In 1957 few that walked this planet reflected on the fact they were actually inhabitants of a mortal spaceship eight thousand miles in diameter, circling one of the universe's 10,000,000,000,000,000,000,000,000 (ten to the twenty-fourth) stars at 67,062 miles per hour.
However, two groups of men and women—given the era, it was mostly men—were actually consumed, day and night, by the realities that we were all astronauts living on spaceship Earth. One group worked in the United States at Alabama's Redstone arsenal; the other busied itself in a Soviet hamlet called Baikonur on the steppes of Kazakhstan.
Like the American group, the Russians developed and worked on machines to lift nuclear warheads and stuff off our planet, and on the evening of October 4, 1957, one of their creations, a large white rocket called R7, was being fueled for what some would call the single most important event of the twentieth century. Nearby, inside a steel-lined concrete bunker, an intense middle-aged man named Sergei Korolev was at work. Hisjob, as the chief rocket engineer for the USSR, was to orchestrate the stop-and-go countdown. But unlike his American counterpart, Wernher von Braun, Korolev had the full blessing and support of his country's communist government.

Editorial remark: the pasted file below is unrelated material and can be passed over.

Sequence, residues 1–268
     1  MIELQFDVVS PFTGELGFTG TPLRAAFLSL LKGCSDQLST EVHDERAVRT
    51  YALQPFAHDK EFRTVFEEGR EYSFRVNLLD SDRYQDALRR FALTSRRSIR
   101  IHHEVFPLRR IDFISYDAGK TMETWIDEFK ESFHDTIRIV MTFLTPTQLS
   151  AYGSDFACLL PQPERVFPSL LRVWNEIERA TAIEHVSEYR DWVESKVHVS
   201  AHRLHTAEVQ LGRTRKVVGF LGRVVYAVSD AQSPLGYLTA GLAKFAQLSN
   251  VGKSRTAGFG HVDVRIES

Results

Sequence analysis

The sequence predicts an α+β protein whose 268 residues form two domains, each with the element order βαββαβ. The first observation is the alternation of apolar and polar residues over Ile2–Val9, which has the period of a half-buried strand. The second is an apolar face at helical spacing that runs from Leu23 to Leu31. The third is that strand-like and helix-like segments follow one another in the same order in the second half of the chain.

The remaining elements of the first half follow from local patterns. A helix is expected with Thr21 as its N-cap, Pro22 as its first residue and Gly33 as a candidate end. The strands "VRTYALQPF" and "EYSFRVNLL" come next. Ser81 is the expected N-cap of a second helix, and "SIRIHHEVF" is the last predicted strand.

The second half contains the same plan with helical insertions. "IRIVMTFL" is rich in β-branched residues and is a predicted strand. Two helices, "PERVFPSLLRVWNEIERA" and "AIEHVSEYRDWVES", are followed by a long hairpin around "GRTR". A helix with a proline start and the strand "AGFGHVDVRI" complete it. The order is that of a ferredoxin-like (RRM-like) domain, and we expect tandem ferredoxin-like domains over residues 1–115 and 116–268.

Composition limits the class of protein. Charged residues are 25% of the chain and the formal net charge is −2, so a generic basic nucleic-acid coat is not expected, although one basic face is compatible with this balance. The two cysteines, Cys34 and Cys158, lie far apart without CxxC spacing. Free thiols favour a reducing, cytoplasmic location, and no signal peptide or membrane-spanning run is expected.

While Korolev had been chasing the goal of space flight at breakneck speed, Dr. von Braun had been pleading with President Dwight David Eisenhower to let him launch an Earth satellite. Only the year before, von Braun had moved his rocket and satellite to its launch pad without permission. He was going to launch it anyway, pretending that the satellite accidentally went into orbit. But Lieutenant Colonel Asa Gibbs, Cape Canaveral's commander, ordered the satellite launcher returned to its hangar. Colonel Gibbs cared more about his ass and making full colonel than he did history.
Now, with von Braun's rocket in storage, Sergei Korolev's R7 was fueled, and his launch team was ready to send a satellite into orbit and send Russia into the history books.
"Gotovnosty dyesyat minut."
Steel braces that held the rocket in place were folded down, and the last power cables between Earth and the rocket fell away.
"Tri . . .
"Dva . . .
"Odin . . ."
Flame created a monstrous sea of fire. It ripped into steel and concrete and blew away the night. It sent orange daylight rolling across the steppes of Kazakhstan, quickly followed by a thunderous train of sound that shook all that stood within its path.
R7 climbed from its self-created daylight on legs of flaming thrust and soon appeared as if it were an elongated star racing across a black sky. It fled from view and left darkness to once again swallow its launch pad as it became just another distant star over the Aral Sea.
While others strained to see the final flicker of the rocket, Korolev was interested only in the readouts. He sat transfixed by the tracking information streaming into the control room. The data were perfect. He was intently interested in each engine's shutdown. Separation of each stage had to be clean. And when the world's first man-made satellite slipped into Earth orbit, he permitted himself to rejoice with the others.